effaces it. Avital Ronell once noted that it is precisely when finitude
gets infinitized, when the other's finite singularity gets erased or
ignored or obliterated (through stereotypes or whatever), that "we"
start bombing the shit out of them. And of course, it's also when the
self-appointed "we" starts othering those "within the ranks" who will
not "fall in" or "unite," filtering them out and excluding them. I agree
with you that this is what's happening now, that "sense of exclusion for
the greater whole of America - is greater than ever before." I just
disagree with you, I think, about what sparked it.

And I still want to hold onto the question I posed in the last
post--because the only "just" politics, if there is one, would have to
be one that refrains from infinitizing finitude, that avoids the
question of essence but without nixing the possibilities for an/other
kind of solidarity. 

Best, ddd

-----Original Message-----
[] On Behalf Of
Sent: Thursday, November 22, 2001 1:12 PM
Subject: Re: [Fwd: re: Ethics as a figure of nihalism]

I was interested in your mail because it hinted at many issues and
experiences that we must have lived through over the past few months.

It seems as if the nostaglic desire for community and the communal
being/existence is only achievable through the desire, the sudden
appearence of death.  Jean-Luc Nancy refers to how Batallie was
concerned with the thought that human sacrifices seal the destiny of the
human communities. Community is drawn out more strongly into the public
realm through the death of others-in-the-community. It is this which
constructs the new 'totality' and perhaps the new 'finitude' the
experience of community which immediately defines itself against those
who do not belong. In this, admittedly more negative response, I differ
from your initial analysis for the new being-in-common always results in
the appalling treatment of the 'Others' which communities derive from
their sharing of a moral and singular experience... In this sense the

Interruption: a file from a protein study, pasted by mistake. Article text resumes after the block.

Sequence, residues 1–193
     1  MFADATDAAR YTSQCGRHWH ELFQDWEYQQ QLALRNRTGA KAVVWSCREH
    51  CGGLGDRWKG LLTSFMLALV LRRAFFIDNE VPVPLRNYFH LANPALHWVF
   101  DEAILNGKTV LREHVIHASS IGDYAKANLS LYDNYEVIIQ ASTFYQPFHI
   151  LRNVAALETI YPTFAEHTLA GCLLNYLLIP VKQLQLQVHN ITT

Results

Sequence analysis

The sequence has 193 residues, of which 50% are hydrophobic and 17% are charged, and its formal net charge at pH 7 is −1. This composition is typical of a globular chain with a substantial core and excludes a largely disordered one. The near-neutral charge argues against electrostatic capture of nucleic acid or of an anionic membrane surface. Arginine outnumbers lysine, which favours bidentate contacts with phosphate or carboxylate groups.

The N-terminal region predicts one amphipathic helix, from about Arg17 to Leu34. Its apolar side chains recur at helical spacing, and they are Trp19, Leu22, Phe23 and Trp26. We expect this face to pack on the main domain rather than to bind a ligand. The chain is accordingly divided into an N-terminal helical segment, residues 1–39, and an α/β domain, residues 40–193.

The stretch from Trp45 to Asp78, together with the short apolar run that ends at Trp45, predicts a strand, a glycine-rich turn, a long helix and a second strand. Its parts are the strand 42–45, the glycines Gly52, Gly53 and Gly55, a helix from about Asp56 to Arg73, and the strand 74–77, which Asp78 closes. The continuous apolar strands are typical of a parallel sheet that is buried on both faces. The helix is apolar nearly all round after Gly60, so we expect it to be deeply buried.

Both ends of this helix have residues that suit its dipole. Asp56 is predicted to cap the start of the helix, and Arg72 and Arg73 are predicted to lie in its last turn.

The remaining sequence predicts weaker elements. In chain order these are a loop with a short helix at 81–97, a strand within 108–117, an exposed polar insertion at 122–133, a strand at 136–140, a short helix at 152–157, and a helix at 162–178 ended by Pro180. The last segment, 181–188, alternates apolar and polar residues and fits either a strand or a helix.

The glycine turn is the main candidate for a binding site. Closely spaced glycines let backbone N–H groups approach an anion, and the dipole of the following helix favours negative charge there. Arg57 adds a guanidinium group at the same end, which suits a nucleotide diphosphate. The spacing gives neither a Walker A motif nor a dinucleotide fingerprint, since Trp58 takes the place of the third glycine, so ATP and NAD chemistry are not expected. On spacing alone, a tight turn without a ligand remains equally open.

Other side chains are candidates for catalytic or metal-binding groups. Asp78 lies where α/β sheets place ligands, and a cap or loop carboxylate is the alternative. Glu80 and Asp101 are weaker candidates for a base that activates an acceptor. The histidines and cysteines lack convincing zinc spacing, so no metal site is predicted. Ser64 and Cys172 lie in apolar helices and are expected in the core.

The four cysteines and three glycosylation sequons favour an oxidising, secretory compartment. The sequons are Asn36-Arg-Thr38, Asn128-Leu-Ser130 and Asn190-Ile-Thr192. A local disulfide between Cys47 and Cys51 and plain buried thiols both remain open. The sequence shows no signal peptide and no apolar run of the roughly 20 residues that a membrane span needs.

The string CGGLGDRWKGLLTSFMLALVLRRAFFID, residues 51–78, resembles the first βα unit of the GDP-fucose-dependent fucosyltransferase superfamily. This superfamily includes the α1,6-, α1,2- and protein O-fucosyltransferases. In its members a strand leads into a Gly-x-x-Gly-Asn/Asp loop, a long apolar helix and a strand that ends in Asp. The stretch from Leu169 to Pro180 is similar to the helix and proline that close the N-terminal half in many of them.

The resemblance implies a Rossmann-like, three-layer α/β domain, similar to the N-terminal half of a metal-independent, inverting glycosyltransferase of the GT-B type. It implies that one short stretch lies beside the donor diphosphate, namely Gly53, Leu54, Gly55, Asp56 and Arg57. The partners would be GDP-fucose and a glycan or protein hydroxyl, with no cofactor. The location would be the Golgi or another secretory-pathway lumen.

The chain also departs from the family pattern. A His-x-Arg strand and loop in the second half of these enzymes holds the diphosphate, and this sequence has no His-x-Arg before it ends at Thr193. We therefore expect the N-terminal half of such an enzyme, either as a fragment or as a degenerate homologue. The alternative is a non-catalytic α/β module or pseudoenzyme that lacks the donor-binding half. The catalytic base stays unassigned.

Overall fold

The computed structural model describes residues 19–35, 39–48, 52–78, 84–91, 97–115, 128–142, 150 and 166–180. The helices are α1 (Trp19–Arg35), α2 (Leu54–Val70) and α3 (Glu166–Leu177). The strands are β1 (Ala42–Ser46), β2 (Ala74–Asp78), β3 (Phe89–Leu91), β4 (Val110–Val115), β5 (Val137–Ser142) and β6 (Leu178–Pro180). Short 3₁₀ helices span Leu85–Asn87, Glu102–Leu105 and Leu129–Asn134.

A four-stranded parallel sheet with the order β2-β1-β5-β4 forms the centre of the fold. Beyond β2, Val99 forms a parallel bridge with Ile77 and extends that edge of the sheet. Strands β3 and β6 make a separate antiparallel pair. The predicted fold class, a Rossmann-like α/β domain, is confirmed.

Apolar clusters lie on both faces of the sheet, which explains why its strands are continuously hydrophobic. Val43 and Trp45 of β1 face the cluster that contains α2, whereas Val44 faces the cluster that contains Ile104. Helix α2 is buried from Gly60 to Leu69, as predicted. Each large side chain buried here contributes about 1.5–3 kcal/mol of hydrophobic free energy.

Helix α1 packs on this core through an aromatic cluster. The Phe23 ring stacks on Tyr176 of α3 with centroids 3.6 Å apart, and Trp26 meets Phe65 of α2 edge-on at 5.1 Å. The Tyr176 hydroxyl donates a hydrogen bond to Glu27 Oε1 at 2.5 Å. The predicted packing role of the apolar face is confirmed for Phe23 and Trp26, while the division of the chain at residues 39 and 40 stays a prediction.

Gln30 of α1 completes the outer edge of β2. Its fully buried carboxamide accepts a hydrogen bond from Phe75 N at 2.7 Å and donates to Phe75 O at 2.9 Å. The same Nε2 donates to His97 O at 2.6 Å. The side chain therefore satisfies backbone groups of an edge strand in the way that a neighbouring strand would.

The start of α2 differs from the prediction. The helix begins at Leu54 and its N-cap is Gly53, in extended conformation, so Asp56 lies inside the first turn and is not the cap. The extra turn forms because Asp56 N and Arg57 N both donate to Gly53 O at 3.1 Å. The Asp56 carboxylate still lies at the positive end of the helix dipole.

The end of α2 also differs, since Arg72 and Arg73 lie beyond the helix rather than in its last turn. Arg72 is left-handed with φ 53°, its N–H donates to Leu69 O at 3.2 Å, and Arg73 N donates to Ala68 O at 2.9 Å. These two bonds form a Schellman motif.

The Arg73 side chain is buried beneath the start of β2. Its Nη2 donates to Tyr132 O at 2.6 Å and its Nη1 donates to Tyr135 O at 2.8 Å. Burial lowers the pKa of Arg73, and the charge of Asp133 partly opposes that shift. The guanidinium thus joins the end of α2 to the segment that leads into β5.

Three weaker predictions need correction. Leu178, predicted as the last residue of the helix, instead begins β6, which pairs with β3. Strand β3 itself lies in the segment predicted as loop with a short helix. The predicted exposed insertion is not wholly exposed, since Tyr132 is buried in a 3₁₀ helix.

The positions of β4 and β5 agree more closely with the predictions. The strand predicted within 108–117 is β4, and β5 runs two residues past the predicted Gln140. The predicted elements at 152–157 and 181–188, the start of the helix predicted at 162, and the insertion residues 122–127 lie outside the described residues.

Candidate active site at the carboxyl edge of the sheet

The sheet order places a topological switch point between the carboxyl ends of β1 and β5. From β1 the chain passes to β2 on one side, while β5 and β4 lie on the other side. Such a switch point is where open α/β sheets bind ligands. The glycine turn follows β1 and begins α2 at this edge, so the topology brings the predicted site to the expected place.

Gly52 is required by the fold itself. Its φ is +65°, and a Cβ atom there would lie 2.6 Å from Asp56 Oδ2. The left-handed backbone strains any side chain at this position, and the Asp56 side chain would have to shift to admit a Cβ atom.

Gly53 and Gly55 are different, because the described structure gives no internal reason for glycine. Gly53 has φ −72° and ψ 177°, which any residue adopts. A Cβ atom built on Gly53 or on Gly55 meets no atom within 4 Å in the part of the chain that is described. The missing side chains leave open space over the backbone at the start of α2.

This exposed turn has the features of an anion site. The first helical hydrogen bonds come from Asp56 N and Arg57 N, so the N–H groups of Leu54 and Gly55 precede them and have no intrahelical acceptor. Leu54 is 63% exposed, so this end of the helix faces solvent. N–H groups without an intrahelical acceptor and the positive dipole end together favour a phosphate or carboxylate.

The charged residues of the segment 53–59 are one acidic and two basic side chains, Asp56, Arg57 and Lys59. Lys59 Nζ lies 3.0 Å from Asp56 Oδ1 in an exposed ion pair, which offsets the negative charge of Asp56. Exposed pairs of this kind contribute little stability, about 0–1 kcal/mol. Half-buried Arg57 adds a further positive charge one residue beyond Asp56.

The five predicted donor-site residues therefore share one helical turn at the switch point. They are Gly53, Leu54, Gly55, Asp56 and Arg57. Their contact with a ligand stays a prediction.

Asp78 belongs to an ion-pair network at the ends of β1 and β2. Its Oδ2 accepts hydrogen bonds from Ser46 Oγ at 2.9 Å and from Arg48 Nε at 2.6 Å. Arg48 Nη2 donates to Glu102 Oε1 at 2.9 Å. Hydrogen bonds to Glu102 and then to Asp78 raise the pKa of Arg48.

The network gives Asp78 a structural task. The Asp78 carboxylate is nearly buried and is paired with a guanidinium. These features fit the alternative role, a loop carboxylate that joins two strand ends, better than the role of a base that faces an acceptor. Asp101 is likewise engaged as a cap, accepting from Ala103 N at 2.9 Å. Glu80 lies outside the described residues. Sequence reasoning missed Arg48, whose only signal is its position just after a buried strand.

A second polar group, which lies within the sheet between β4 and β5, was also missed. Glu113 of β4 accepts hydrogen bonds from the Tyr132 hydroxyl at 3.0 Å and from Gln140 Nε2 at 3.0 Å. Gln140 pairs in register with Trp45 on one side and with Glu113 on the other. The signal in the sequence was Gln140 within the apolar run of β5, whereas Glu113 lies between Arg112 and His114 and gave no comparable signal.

extraordinary coming-together of the being-in-common inevitably results
in exclusion. The primordial myth of the community is founded on the
original notion of a people that proposes a communal identity purifiying
the image of a population whilst also blocking any productive
interactions of difference.

I'm not sure how it can be otherwise when we live in a society in which
traditional cultures and social organisations are endlessly destroyed,
deterritorialised, by capital's endless trajectory  through the world
creating new networks and paths which results in a single cultural and
economic system.

Certainly the USA has been drawn together into a greater sense of
community by the events of 911 and Afghanistan - however as a simple
European visitor the sense of exclusion for the greater whole of
 America - is greater than ever before... 

To construct a new notion of community, to produce one that is
operative, rather than being endlessly flawed and founded on specular
commodification, exclusion and violence is the challenge...


Diane Davis wrote:

A few years ago I was on the search committee in my dept, and we brought

in a candidate who used the term "community" in every other sentence.

When I got my one-on-one meeting with him, I asked him what he meant by

this term. He waffled, smiled, blushed, and said something like: